National Energy Board restrictions on who can participate in the Kinder Morgan pipeline review are being challenged by a group of people who say they have been robbed of their right to free speech.
In a notice of motion, the NEB is being asked to reject as unconstitutional recent federal legislative changes to the National Energy Board Act that limit public participation in hearings on Kinder Morgan’s Trans Mountain pipeline expansion proposal.
“As a result, NEB hearings have lost their essential purpose. If the public cannot be heard, the public interest cannot be assessed,” said David Martin, legal counsel to the applicants.
The project would twin a pipeline that has been in operation for 60 years. It would nearly triple, from 300,000 to 890,000 barrels per day, the amount of oil being shipped. If it goes ahead, tanker traffic will increase through Vancouver harbour and around the southern tip of Vancouver Island.
The motion was filed on Tuesday by eight individuals and ForestEthics Advocacy Association, an environmental organization. If the NEB rejects it, the applicants say they will take the case to Federal Court.
“The National Energy Board was established to conduct public hearings in order to assess whether or not an infrastructure proposal such as that made by Kinder Morgan is in the public interest, and in the past, it has done so,” Mr. Martin said in a statement. “But in 2012, at the urging of the oil industry, the Harper Government amended the NEB Act so that its hearings would be completed in an unreasonably short period of time, and would curtail the public’s right to meaningfully participate.”
Mr. Martin said that in adopting the changes, the NEB has severely restricted the public’s right to be effectively involved in the process.
Sarah Kiley, a spokeswoman for the NEB, said the board has not yet determined the process for considering the motion.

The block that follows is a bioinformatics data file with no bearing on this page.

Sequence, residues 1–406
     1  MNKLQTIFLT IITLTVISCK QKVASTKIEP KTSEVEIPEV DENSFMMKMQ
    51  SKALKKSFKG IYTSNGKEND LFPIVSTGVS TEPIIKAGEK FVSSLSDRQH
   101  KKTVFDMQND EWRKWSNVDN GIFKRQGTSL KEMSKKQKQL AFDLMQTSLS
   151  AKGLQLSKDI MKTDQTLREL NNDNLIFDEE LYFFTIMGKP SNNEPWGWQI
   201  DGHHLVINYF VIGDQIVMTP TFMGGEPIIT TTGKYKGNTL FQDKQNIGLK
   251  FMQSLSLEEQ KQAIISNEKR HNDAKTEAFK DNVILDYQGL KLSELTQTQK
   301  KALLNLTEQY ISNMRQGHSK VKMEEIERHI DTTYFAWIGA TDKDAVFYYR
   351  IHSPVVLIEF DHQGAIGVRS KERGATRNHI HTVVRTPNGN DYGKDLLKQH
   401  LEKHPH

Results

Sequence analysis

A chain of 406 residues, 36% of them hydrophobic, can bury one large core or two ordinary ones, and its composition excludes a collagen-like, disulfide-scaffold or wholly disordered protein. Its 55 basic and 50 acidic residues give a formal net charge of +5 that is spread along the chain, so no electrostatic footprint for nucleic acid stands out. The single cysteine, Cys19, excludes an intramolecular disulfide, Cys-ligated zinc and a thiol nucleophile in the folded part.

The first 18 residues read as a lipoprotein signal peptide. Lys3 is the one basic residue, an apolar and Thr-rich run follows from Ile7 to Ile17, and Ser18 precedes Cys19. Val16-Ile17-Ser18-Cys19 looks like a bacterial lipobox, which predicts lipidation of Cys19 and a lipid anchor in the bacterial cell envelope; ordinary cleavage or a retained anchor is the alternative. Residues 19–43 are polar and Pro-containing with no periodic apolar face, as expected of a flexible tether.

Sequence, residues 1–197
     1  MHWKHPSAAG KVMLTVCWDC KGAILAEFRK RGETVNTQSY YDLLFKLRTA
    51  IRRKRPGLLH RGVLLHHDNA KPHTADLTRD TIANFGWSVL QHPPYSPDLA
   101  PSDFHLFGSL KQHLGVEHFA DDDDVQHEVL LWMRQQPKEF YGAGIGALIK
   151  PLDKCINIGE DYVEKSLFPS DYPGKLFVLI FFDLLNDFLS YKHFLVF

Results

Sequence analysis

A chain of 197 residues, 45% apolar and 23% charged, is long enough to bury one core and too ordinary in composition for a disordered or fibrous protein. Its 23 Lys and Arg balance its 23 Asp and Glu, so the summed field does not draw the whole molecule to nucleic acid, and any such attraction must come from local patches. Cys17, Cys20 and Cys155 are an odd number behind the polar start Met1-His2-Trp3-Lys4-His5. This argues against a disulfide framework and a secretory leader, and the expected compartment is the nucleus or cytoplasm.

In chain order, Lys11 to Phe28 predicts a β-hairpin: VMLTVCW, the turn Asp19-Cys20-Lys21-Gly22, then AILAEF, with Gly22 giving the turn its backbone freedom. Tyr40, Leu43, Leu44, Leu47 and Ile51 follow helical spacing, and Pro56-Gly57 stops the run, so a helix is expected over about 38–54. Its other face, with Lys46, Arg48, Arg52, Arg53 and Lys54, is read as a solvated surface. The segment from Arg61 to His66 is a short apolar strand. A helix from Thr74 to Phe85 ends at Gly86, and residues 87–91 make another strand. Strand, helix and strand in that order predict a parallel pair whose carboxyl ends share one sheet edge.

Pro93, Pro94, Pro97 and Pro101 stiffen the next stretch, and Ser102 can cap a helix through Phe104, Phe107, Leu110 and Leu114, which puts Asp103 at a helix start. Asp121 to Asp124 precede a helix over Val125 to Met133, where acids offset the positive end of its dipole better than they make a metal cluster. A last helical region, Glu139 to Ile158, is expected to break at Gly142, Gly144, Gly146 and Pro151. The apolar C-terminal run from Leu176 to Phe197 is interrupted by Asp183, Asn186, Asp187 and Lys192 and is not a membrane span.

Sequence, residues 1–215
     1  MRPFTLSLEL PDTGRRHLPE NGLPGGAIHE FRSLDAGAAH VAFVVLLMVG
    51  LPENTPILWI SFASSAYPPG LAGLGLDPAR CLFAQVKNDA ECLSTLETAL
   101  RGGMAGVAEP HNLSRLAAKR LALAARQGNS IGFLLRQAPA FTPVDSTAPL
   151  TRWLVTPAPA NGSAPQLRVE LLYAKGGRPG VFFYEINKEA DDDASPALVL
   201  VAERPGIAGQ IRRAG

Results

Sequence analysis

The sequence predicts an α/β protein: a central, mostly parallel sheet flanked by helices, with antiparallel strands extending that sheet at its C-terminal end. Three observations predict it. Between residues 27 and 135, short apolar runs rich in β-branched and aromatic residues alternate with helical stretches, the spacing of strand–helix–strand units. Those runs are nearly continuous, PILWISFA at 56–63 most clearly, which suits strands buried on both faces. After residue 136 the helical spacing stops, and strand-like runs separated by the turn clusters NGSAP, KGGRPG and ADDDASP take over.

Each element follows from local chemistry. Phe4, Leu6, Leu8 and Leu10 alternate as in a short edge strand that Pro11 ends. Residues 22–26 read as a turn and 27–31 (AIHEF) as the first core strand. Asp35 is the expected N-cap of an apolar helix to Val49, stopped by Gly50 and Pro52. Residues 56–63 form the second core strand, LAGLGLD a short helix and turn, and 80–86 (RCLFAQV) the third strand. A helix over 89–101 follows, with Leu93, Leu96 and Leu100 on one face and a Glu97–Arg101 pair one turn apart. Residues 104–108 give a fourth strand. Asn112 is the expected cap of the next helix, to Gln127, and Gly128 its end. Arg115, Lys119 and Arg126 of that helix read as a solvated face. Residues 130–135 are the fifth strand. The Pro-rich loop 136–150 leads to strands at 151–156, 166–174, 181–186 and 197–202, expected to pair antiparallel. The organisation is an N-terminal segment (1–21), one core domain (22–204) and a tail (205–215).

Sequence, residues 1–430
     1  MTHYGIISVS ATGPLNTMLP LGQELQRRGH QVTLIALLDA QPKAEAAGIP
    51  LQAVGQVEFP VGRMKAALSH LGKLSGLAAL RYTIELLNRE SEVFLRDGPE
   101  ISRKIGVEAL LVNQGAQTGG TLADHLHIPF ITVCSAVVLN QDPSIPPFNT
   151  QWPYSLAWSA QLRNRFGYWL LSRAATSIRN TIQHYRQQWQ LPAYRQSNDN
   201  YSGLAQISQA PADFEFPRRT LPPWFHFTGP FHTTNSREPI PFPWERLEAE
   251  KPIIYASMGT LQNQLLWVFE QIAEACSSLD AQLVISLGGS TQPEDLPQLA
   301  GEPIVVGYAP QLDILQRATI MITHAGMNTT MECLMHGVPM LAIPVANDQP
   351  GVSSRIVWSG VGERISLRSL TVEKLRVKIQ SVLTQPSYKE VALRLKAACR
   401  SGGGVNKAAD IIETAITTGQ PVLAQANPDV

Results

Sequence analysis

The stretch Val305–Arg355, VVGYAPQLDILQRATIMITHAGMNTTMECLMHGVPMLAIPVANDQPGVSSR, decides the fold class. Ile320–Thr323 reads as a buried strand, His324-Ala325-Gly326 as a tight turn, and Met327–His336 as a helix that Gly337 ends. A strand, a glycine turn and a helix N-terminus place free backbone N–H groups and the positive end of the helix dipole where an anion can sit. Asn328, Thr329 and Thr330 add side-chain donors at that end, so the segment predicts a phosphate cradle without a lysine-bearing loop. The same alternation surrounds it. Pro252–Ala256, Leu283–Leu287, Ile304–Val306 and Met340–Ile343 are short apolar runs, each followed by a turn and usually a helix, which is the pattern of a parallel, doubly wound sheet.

“As there is a constitutional challenge contained in the motion, the people who filed the motion were required to notify the Attorney General of Canada and of each of the provinces. As I understand it, this has happened,” she said in an e-mail. “There is a notification period of 10 days during which we will wait to hear from the Attorney Generals’ office. From that point we will determine the process for considering the motion and go from there.”
The NEB received applications from 2,118 individuals and organizations seeking standing at the Kinder Morgan hearings. It advised 1,250 of those applicants last month that they could participate only by writing letters. Another 468 were told they could not even submit letters.
“The Kinder Morgan proposal, if approved, will have a fundamental impact upon Vancouver, British Columbia and Canada for the rest of this century and beyond,” Mr. Martin said. “It is vital that there be a full public hearing as to the risks and benefits of this proposal so that the public interest can be properly assessed. This legal challenge will fight for the public’s right to express itself and be heard.”
In the notice of motion, the applicants ask for a declaration that the amended NEB Act “is unconstitutional as it violates the applicants’ freedom of expression as guaranteed by … the Charter of Rights and Freedoms.”
The notice asks the NEB to reopen the application process to “allow all persons interested in and affected by the proposed pipeline to participate fully.”
The application also seeks to have the NEB broaden its scope to hear submissions regarding the project’s affect on climate change.
“This board cannot determine whether the proposed pipeline is in the public interest without a full consideration of the environmental effects,” the notice of motion states. “The project is being proposed in order to increase pipeline capacity in support of growing oil production. Without acknowledging that increased production of oil sands is having a devastating effect on the environment, and resulting in climate change, this board cannot even begin to address the issues which it has deemed relevant.”
The applicants who claim they were unfairly denied participatory standing include Tzeporah Berman, a board member of ForestEthics Advocacy; Lynne Quarmby, a professor at Simon Fraser University, and several people who live along the pipeline route.